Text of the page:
RED LODGE, Mont. (AP) — As punishing floods tore through Yellowstone National Park and neighboring Montana communities, the state’s governor was nowhere to be seen.
In the immediate aftermath, the state issued a disaster declaration attributed to the Republican governor, but for some reason it carried the lieutenant governor’s signature.
It wasn’t until Wednesday — more than 48 hours after the flood hit the state — that Gov. Greg Gianforte’s office acknowledged he was out of the country, though it wouldn’t say exactly where he was, citing unspecified security concerns.
Gianforte finally returned on Thursday night from what his office said was a vacation with his wife in Italy. But he found himself facing a torrent of criticism for not hurrying home sooner and for not telling the public his whereabouts during the emergency.
“In a moment of unprecedented disaster and economic uncertainty, Gianforte purposefully kept Montanans in the dark about where he was and who was actually in charge,” said Sheila Hogan, executive director of the Montana Democratic Party.
Gianforte, 61, is a tech mogul elected governor two years ago. He made headlines when he body-slammed a reporter the day before winning a seat in Congress in a 2017 special election. He initially misled investigators about the attack but eventually pleaded guilty to misdemeanor assault.
While Gianforte was away, Montana’s lieutenant governor served as acting governor. And in Gianforte’s defense, his office said he was briefed regularly about the flooding, which caused widespread damage to small communities in the southern part of the state and had threatened to cut off fresh water to Billings, the state’s largest city.
But Gianforte’s critics seized on the moment and started the mocking social media hashtag #WhereIsGreg. Montanans and others also made wisecracks about Gianforte and the Appalachian Trail — a reference to former South Carolina Gov. Mark Sanford, who disappeared in 2009 and had his staff tell reporters he was hiking the Appalachian Trail while he was actually having a tryst with his lover in Argentina.
“Truthfully, it speaks for itself. It just does,” Democratic U.S. Sen. Jon Tester of Montana said as he toured flood damage in Red Lodge on Friday. “When you’re in public service, there are things that take precedent, and this is pretty important.”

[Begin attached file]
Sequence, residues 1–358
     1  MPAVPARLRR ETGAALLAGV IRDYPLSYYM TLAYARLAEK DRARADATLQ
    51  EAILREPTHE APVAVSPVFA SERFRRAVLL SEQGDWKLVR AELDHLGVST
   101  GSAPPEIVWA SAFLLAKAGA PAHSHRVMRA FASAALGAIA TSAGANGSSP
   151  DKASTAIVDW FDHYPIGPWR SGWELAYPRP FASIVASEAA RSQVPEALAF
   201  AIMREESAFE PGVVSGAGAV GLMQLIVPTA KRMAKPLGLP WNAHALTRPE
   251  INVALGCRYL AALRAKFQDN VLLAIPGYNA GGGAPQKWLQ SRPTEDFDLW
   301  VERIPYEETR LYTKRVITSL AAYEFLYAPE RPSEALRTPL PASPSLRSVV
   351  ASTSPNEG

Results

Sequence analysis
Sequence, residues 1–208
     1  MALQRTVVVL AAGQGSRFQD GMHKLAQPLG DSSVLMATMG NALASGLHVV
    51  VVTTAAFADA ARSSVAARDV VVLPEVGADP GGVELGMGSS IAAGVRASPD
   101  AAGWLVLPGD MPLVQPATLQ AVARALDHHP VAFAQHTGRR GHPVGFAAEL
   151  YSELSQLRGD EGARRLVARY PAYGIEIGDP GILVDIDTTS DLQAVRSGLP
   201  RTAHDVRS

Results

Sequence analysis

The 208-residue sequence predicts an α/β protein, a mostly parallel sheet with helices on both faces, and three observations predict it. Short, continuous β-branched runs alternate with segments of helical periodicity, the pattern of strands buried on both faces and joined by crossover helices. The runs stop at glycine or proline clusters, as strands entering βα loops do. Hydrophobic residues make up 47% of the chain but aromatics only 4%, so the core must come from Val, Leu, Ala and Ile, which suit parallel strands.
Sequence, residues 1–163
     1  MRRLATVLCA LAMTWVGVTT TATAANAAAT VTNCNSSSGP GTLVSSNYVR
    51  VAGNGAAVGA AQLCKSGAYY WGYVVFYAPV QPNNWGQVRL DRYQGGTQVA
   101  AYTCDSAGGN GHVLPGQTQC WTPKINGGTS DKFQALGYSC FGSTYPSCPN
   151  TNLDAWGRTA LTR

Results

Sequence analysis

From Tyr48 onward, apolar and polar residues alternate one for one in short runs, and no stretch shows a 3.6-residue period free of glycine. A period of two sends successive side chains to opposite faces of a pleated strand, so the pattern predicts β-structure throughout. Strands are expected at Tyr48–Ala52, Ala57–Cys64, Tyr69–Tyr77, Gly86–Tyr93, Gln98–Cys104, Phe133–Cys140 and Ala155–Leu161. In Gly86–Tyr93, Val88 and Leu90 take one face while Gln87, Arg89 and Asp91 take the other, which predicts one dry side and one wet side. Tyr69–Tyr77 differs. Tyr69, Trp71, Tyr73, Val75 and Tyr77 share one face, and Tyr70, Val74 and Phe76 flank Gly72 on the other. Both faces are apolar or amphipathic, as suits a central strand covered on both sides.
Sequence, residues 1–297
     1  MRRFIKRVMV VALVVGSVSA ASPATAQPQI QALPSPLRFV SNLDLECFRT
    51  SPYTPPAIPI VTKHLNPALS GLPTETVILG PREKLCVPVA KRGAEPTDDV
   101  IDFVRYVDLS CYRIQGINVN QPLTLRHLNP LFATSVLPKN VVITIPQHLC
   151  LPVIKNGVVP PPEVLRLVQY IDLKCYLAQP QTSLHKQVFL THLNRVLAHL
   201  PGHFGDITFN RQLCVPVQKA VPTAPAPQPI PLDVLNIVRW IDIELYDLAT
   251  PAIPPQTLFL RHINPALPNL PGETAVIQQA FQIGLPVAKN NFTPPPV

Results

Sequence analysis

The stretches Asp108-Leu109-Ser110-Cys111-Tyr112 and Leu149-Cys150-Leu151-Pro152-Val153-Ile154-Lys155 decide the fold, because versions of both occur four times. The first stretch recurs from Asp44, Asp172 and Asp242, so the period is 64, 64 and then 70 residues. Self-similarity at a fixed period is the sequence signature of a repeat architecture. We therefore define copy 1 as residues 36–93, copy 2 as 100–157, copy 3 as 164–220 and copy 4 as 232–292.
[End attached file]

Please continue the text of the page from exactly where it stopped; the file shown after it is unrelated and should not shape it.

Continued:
Gianforte finally toured the flood zone Friday but didn’t address his absence. He instead encouraged visitors to still come to the Yellowstone region.
“Here’s a very simple message for people that have planned trips to Yellowstone Park: We’re open. You’ve got to come. There’s so much to do in Montana,” he said. “The vitality of our communities depend on it, and your families need what we have in Montana.”
The floods washed away roads, bridges and houses and closed all of Yellowstone, threatening some of the communities on the park’s outskirts that depend heavily on tourists visiting one of America’s most beloved natural attractions.
Yellowstone officials said they could reopen the southern end of the park as soon as next week, offering visitors a chance to see Old Faithful and other attractions. But the northern entrances in Montana, which lead to the wildlife-rich Lamar Valley and Tower Fall, could be closed all summer, if not longer.
Scott Miller, a commissioner in Carbon County, where flooding heavily damaged the town of Red Lodge and other areas, said Friday that he had been able to contact the governor by phone when he needed to and that the state did not neglect any duties.
“The fact that the governor has been on vacation — there’s been no hiccups,” Miller said. “That’s why you have people in your cabinet.”
In Red Lodge, Tester hesitated to criticize the governor, acknowledging he was in Washington this week working on a bill for veterans.
“Some could say, ‘Jon, why didn’t you come back Tuesday or Wednesday?’” Tester said. “These are hard situations. I don’t know what his circumstances were. … I’ve got a decent working relationship with the governor and want to continue that.”
Hanson reported from Helena, Montana. Associated Press journalists Brian Melley in Los Angeles, Mead Gruver in Cheyenne, Wyoming, and Lindsay Whitehurst in Salt Lake City contributed to this report.